This is repeated for EACH of the daylight phases. So there’s a possibility of FOUR (phew) raids a day. Hope for a lot of NO Raid cards to make it through. During the Night phase, Germany replaces two random planes that were shot down. England gets two points to either replace a downed plane or decrease bombing damage. Pilot fatigue is decreased by two as well. The next day starts, and if the weather’s clear, the sirens will inevitably roll again. RAF reinforcements are extremely scarce, so protecting your pilots and deciding when to attack is one of the key’s to the game. When one of your pilots shoots down 5 Germans, he becomes an ace and receives enhancements to his combat performance. It really hurts when you build an ace and then lose him!

RAF scores a victory point for each German plane shot down (and you’ll shoot down a lot, which is fun!) Germany scores points for RAF planes shot down (which hurt big time) plus the total damage points on the map from bombings. High score wins.

This is a great solitaire game. The system of German movement is excellent. The battle system is expectedly harsh. If you’re outnumbered at all, expect to lose something. It plays quickly once you’ve gone through a few phases.
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Keith Komba
United States
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Missouri
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Hey, thanks! It certainly is addicting! I can't stand sitting by helplessly after I lost my last pilot and watching the Germans have their way with the bombings.
 
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Keith Komba
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That's a great sounding variant on the weather. Can you give me the specs on how you roll on the weather table?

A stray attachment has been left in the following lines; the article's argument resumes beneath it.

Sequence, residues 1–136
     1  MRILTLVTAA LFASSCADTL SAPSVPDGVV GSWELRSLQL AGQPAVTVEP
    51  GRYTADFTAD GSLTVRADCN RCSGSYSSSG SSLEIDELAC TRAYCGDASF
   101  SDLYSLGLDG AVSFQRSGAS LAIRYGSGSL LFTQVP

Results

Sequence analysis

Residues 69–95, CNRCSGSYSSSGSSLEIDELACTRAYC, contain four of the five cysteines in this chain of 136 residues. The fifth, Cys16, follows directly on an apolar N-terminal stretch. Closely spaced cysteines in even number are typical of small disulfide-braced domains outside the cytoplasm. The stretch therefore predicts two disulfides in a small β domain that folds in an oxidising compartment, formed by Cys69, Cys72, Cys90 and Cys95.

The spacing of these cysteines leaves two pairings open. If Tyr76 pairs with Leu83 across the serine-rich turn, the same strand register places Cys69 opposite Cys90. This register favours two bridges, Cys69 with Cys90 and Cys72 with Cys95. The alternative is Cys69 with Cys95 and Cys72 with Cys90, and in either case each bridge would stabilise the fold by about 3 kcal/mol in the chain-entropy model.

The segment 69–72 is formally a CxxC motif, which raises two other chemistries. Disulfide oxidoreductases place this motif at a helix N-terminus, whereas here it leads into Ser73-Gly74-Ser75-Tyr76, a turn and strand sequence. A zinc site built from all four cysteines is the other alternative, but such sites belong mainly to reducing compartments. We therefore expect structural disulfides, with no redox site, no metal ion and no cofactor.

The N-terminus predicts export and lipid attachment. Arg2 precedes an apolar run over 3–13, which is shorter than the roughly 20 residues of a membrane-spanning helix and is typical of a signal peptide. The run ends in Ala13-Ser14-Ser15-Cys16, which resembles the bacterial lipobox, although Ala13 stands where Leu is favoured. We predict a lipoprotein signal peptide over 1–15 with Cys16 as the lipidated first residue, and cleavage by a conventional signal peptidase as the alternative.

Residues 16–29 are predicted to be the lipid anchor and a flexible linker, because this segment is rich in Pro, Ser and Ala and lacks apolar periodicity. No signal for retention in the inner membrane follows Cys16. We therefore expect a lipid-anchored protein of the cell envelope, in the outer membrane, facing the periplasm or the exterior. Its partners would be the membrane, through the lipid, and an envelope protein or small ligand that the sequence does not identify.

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Matt Boggs
Australia
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That sounds like a good idea Daren. I've never played this, but the same thing could be done when playing Silent War.
 
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Matt Boggs
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It is awesome. It's just a bit of a monster game when you get into the campaigns.
 
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Tony Cutcliffe
United Kingdom
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kombaman wrote:
That's a great sounding variant on the weather. Can you give me the specs on how you roll on the weather table?

When playing with the Random Weather optional rule, you simply roll a die on the weather table printed on the board.

1,2 = Clear weather
3,4,5 = Same as the day before
6 = Raining

Simples
 
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James Jenkins
Thailand
Chiang Mai
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This is now my favorite solitaire game, right in front of Silent War. I have RAF, but I want to have a small slice of the conflict at the pilot level, not the Air Vice Marshal. So LB works real well.